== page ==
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The Perplexing Literature on Growth and Change

Author

Listed:
  • Bartik, Timothy J.

    (WE Upjohn Institute for Employment Research, Kalamazoo, MI)

  • Boehm, Thomas P.

    (U TN)

  • Schlottmann, Alan M.

    (U NV, Las Vegas)

Abstract

Even a casual library search clearly indicates that empirical growth studies comprise a significant, and growing, area of interest within the academic literature. In many respects, this strand of literature has been successful in identifying the basic nature of the growth process. By contrast, attempts to provide public policy directions are much less successful. It is this perplexing dichotomy that provides both the justification and point of departure of this volume. In this introductory piece, we identify several unresolved issues in both the public policy arena and economic theory that relate to the individual papers.

Suggested Citation

  • Bartik, Timothy J. & Boehm, Thomas P. & Schlottmann, Alan M., 2003. "The Perplexing Literature on Growth and Change," The Review of Regional Studies, Southern Regional Science Association, vol. 33(1), pages 1-16.
  • Handle: RePEc:rre:publsh:v:33:y:2003:i:1:p:1-16
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    References listed on IDEAS

    as
    1. Timothy J. Bartik, 2010. "Small Business Start-Ups in the United States: Estimates of the Effects of Characteristics of States," Book chapters authored by Upjohn Institute researchers,in: Zolton Acs (ed.), Entrepreneurship and regional Development, pages 155-169 W.E. Upjohn Institute for Employment Research.
    2. Bartik, Timothy J, 1985. "Business Location Decisions in the United States: Estimates of the Effects of Unionization, Taxes, and Other Characteristics of States," Journal of Business & Economic Statistics, American Statistical Association, vol. 3(1), pages 14-22, January.
    3. Glomm, Gerhard & Ravikumar, B., 1997. "Productive government expenditures and long-run growth," Journal of Economic Dynamics and Control, Elsevier, vol. 21(1), pages 183-204, January.
    4. Hansson, Par & Henrekson, Magnus, 1994. "A New Framework for Testing the Effect of Government Spending on Growth and Productivity," Public Choice, Springer, vol. 81(3-4), pages 381-401, December.
    5. Robert J. Barro, 1991. "Economic Growth in a Cross Section of Countries," The Quarterly Journal of Economics, Oxford University Press, vol. 106(2), pages 407-443.
    6. N. Gregory Mankiw & David Romer & David N. Weil, 1992. "A Contribution to the Empirics of Economic Growth," The Quarterly Journal of Economics, Oxford University Press, vol. 107(2), pages 407-437.
    7. Evans, Paul & Karras, Georgios, 1994. "Are Government Activities Productive? Evidence from a Panel of U.S. States," The Review of Economics and Statistics, MIT Press, vol. 76(1), pages 1-11, February.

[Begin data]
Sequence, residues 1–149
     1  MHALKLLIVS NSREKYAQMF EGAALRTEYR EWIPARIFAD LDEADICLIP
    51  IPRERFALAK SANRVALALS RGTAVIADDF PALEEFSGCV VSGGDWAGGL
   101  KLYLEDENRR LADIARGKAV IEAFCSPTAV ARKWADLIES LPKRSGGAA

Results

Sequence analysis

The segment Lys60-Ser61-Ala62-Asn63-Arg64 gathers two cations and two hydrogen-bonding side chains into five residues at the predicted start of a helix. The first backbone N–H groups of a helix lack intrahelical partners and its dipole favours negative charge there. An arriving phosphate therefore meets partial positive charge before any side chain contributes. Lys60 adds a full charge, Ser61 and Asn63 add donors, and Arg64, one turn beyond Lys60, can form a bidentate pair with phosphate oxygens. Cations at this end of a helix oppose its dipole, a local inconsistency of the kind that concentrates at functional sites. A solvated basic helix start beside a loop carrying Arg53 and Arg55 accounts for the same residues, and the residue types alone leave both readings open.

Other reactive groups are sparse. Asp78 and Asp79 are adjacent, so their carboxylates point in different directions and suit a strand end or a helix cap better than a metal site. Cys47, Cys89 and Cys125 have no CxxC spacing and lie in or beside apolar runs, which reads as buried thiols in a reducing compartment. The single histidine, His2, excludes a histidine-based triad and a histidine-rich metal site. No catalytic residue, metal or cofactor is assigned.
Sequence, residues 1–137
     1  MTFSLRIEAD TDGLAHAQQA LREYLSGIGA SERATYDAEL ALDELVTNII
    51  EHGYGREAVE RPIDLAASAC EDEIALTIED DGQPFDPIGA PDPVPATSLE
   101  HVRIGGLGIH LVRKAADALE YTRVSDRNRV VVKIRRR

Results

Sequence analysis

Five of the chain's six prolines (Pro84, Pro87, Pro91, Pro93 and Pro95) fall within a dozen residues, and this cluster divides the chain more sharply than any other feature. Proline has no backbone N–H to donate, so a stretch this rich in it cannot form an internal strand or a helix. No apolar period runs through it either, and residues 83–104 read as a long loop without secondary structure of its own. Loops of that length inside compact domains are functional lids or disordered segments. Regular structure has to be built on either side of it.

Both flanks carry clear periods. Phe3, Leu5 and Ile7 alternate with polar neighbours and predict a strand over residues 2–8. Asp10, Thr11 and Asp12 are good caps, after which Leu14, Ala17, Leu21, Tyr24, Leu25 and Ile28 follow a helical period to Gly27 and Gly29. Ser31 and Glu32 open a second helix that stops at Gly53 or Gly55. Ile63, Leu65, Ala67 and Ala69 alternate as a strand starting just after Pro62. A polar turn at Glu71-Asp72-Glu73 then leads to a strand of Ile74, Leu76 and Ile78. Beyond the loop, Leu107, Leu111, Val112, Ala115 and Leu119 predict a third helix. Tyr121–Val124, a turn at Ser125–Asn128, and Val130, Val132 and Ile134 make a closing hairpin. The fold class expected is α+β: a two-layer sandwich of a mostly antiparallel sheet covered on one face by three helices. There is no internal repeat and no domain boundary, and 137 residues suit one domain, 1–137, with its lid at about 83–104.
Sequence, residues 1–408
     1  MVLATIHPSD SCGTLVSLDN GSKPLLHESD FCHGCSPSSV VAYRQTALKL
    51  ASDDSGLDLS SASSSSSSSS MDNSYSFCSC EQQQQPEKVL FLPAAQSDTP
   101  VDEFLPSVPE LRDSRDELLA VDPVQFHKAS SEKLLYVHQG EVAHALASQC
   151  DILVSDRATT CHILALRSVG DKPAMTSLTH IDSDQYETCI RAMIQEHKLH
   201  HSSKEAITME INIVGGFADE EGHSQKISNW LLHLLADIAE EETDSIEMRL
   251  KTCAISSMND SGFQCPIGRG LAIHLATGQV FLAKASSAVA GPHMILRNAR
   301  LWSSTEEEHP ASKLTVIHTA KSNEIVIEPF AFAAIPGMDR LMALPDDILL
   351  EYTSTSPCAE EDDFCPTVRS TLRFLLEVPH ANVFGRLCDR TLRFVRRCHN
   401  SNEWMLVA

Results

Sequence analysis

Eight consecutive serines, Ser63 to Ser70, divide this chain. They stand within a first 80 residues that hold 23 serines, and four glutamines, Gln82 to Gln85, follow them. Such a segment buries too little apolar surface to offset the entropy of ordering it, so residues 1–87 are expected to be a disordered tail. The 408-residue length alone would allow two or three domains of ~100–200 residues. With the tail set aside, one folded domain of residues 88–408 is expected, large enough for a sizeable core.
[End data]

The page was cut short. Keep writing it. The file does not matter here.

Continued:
8. Kocherlakota, Narayana R & Yi, Kei-Mu, 1996. "A Simple Time Series Test of Endogenous vs. Exogenous Growth Models: An Application to the United States," The Review of Economics and Statistics, MIT Press, vol. 78(1), pages 126-134, February.
    9. Easterly, William & Rebelo, Sergio, 1993. "Fiscal policy and economic growth: An empirical investigation," Journal of Monetary Economics, Elsevier, vol. 32(3), pages 417-458, December.
    10. Janice F. Madden, 2000. "Changes in Income Inequality within U.S. Metropolitan Areas," Books from Upjohn Press, W.E. Upjohn Institute for Employment Research, number cii, November.
    11. Ratner, Jonathan B., 1983. "Government capital and the production function for U.S. private output," Economics Letters, Elsevier, vol. 13(2-3), pages 213-217.
    12. Blanca Sanchez-Robles, 1998. "Infrastructure Investment And Growth: Some Empirical Evidence," Contemporary Economic Policy, Western Economic Association International, vol. 16(1), pages 98-108, January.
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    Citations

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    Cited by:

    1. West, Carol T., 2003. "The Status of Evaluating Accuracy of Regional Forecasts," The Review of Regional Studies, Southern Regional Science Association, vol. 33(1), pages 85-103.
    2. Rebecca M. Blank, 2005. "Poverty, Policy, and Place: How Poverty and Policies to Alleviate Poverty Are Shaped by Local Characteristics," International Regional Science Review, , vol. 28(4), pages 441-464, October.
    3. Ozbay, Kaan & Ozmen-Ertekin, Dilruba & Berechman, Joseph, 2007. "Contribution of transportation investments to county output," Transport Policy, Elsevier, vol. 14(4), pages 317-329, July.
    4. Deller, Steven & Lledo, Victor, 2007. "Amenities and Rural Appalachia Economic Growth," Agricultural and Resource Economics Review, Cambridge University Press, vol. 36(01), pages 107-132, April.

    More about this item

    Keywords

    Growth; Policy;

    JEL classification:

    • H52 - Public Economics - - National Government Expenditures and Related Policies - - - Government Expenditures and Education
    • H54 - Public Economics - - National Government Expenditures and Related Policies - - - Infrastructures
    • H70 - Public Economics - - State and Local Government; Intergovernmental Relations - - - General
    • O40 - Economic Development, Innovation, Technological Change, and Growth - - Economic Growth and Aggregate Productivity - - - General
    • R11 - Urban, Rural, Regional, Real Estate, and Transportation Economics - - General Regional Economics - - - Regional Economic Activity: Growth, Development, Environmental Issues, and Changes
    • R32 - Urban, Rural, Regional, Real Estate, and Transportation Economics - - Real Estate Markets, Spatial Production Analysis, and Firm Location - - - Other Spatial Production and Pricing Analysis

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